dir-scr Peter Mullan
prd Olivier Delbosc, Alain de la Mata, Marc Missonnier
with Connor McCarron, Joe Szula, Peter Mullan, Gregg Forrest, Marianna Palka, Mhairi Anderson, Gary Milligan, John Joe Hay, Gary Lewis, Martin Bell, Linda Cuthbert, Richard Mack
release UK Oct.10 lff
10/UK 2h04
Smart kids: McCarron and Bell

mullan palka lewis
london film fest
R E V I E W    B Y    R I C H    C L I N E
NEDs While it's beautifully shot in period style and features terrific performances from the largely non-professional cast, this film struggles to get us involved simply because there isn't much we can grab hold of.

In 1972 Glasgow, young John (Forrest) is a bright spark who certainly will never become a "Non-Educated Delinquent". He lives on a rough estate, and as he heads for secondary school he begins to be targeted by the bullying local gang members. But he keeps his head down, hides behind the fierce reputation of his big brother (Szula) and excels at his studies. Then two years later, John (now McCarron) falls in with a group of thugs who offer him acceptance and camaraderie. Of course his studies start suffering as a result.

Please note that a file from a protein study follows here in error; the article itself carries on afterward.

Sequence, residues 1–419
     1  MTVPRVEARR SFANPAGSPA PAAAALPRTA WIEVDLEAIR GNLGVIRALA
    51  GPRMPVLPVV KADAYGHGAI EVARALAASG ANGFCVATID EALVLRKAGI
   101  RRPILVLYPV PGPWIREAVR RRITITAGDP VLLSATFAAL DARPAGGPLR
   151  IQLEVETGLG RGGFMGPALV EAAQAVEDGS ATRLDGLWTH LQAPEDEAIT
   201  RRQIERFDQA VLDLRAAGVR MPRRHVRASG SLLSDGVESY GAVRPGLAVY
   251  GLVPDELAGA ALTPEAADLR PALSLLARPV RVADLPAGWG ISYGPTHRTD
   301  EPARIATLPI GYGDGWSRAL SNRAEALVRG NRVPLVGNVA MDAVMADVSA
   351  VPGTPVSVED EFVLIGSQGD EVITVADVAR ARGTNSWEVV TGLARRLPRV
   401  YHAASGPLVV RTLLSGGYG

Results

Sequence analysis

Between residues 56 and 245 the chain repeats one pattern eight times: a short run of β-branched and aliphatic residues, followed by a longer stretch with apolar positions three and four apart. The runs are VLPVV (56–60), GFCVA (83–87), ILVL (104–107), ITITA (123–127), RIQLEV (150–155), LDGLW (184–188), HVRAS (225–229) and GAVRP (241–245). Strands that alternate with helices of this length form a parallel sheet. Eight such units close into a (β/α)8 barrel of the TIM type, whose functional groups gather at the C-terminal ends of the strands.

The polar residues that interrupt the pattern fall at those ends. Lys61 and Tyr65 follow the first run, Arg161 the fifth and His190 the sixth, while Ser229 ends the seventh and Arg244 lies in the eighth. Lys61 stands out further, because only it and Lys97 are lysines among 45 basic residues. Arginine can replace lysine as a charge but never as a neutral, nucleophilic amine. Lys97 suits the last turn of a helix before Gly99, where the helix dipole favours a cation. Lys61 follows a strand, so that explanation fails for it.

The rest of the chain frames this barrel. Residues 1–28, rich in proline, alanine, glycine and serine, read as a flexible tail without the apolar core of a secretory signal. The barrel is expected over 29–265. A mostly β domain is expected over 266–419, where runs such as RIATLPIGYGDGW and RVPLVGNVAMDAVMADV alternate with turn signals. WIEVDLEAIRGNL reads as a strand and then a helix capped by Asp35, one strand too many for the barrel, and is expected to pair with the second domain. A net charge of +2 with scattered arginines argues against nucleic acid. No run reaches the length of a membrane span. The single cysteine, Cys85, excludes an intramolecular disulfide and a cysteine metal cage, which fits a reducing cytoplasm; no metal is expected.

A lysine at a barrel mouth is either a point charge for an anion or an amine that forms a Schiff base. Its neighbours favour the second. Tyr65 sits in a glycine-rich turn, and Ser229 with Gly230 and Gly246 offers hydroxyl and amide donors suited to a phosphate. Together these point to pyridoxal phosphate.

Clearly, John knows better than to drift into this darkly violent world, and it's pretty painful to watch him bounce back and forth over the next year, giving in to his inner rage and beginning to lose sight of both the promise of his intellect and his goal to break out of his working class roots and attend university. The problem is that about halfway through the film we realise that this is all writer-director Mullan has to say to us.

This doesn't mean that the film becomes boring. It's gorgeously assembled, with a superb use of music and a gifted young cast. McCarron is especially good in a difficult role, holding the whole movie together and believably depicting John's defiant clashes with his ranting, drunken father (sharply well-played by Mullan). And some surreal filmmaking touches add an inner life to the character, even if the final visual metaphor is a bit obvious.

Essentially, this film teaches us that if you grew up in 1970s Glasgow you're lucky if you made it out alive. And there's not really anything more to it. This is a pity, since the film is so skilfully designed, shot and edited that we want it to resonate on a broader scale. We want to dive into John's story and really feel his pain and frustration, but instead we merely sit back and watch. It's a fascinating story, but while it's constantly emotive, it never moves us.

cert 18 themes, language, violence 20.Oct.10 lff

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